Have you noticed the recent proliferation of the word Smart as a positive attribute for things such as cities, the grid or mobility, to name just a few? Many of us have come to accept the American meaning of this word as intelligent or sharp. However, digging a bit deeper, you might discover that originally there was much more meaning embedded in this word.
The acronym S.M.A.R.T (the dots were lost over the years) was used in the context of setting goals in project management or employee management.
SMART criteria are commonly associated with Peter Drucker's management by objectives (MBO) concept also known as management by results (MBR). It was first popularized by Peter Drucker in his 1954 book The Practice of Management.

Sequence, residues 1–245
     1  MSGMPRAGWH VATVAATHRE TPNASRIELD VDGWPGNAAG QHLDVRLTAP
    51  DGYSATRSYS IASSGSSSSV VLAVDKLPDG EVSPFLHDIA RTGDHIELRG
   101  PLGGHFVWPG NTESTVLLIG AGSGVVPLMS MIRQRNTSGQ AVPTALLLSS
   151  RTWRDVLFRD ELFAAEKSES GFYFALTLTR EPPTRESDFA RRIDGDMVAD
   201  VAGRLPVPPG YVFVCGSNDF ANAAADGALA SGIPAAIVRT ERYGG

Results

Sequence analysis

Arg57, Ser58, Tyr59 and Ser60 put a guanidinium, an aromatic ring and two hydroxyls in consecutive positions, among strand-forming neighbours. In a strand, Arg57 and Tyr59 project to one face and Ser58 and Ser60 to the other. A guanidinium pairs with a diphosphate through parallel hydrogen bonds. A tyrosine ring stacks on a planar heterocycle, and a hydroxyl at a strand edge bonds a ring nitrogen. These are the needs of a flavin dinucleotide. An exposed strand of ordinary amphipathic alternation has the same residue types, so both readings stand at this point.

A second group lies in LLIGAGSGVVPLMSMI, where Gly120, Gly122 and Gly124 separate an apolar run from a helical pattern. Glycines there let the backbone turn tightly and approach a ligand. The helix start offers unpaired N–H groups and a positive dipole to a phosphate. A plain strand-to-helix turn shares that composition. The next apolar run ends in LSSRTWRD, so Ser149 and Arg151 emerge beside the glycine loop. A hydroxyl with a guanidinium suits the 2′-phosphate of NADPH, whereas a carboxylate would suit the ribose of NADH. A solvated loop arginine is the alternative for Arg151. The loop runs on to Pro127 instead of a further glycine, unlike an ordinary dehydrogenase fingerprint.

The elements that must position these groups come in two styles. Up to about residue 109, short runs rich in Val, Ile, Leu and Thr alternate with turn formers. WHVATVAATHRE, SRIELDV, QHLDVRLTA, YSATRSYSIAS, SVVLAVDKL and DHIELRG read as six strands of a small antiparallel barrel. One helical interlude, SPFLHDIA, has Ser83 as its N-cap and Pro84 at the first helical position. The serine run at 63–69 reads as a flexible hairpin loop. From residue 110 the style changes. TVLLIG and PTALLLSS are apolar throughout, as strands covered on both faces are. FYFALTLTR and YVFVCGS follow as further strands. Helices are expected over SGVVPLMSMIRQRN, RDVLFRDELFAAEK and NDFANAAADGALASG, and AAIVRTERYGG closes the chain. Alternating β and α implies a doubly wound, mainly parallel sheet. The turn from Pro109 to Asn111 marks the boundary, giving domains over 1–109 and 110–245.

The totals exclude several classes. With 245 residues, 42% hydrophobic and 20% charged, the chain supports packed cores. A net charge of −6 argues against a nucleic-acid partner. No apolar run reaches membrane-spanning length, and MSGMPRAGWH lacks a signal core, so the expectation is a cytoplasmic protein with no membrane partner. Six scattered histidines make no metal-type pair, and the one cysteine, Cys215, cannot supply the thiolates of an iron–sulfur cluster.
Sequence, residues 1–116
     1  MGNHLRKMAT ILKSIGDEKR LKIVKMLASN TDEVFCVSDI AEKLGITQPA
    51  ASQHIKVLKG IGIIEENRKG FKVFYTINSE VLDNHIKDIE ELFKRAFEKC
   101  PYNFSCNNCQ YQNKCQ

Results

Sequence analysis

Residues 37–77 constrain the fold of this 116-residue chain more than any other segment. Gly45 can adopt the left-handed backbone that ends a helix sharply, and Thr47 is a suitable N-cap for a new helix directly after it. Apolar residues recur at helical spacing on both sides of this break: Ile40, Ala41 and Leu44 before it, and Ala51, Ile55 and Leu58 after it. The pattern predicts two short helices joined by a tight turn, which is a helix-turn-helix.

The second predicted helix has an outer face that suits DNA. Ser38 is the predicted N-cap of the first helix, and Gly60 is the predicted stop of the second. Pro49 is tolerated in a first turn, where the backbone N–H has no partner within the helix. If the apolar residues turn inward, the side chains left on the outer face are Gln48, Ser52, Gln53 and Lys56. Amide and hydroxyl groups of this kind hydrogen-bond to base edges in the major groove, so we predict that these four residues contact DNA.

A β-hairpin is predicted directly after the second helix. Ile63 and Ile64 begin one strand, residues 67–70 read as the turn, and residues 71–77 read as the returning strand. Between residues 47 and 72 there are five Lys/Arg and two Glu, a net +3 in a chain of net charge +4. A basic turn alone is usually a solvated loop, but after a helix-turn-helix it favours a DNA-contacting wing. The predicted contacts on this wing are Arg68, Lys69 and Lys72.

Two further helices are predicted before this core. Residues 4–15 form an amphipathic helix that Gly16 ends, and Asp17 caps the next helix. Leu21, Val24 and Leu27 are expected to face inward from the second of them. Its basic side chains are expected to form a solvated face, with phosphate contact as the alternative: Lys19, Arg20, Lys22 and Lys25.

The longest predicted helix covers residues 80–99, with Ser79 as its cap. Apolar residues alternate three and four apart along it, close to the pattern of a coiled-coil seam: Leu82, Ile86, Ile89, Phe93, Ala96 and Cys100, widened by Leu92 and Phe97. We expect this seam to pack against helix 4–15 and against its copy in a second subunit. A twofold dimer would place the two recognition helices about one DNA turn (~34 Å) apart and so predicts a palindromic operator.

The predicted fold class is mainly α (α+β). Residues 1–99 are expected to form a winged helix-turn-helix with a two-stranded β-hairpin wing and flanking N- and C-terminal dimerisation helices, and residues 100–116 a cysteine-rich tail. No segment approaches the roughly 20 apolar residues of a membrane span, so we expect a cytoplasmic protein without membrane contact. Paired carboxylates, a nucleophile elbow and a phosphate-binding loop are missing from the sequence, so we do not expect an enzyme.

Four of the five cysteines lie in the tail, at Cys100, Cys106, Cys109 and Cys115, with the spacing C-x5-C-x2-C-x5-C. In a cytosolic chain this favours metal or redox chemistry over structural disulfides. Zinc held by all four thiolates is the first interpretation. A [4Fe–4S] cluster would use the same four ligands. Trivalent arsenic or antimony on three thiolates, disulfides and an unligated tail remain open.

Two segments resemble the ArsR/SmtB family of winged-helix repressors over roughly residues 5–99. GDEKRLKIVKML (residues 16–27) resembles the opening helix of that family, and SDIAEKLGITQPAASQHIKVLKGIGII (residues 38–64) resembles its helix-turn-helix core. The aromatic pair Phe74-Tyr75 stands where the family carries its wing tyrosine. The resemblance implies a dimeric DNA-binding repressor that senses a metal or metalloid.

Management by objectives is the process of defining specific objectives which management can convey to all members of the organization. Each objective can be put in sequence allowing managers to split work into individual, manageable steps. This approach was seen to result in a calm, yet productive work environment.
The first-known use of the term SMART occurs in the November 1981 issue of Management Review by George T. Doran.
According to Doran, “there is a SMART way to write management’s goals and objectives”.
SMART goals and objectives are generally described as follows:
Now the use of the word SMART makes a lot more sense. Doesn’t it?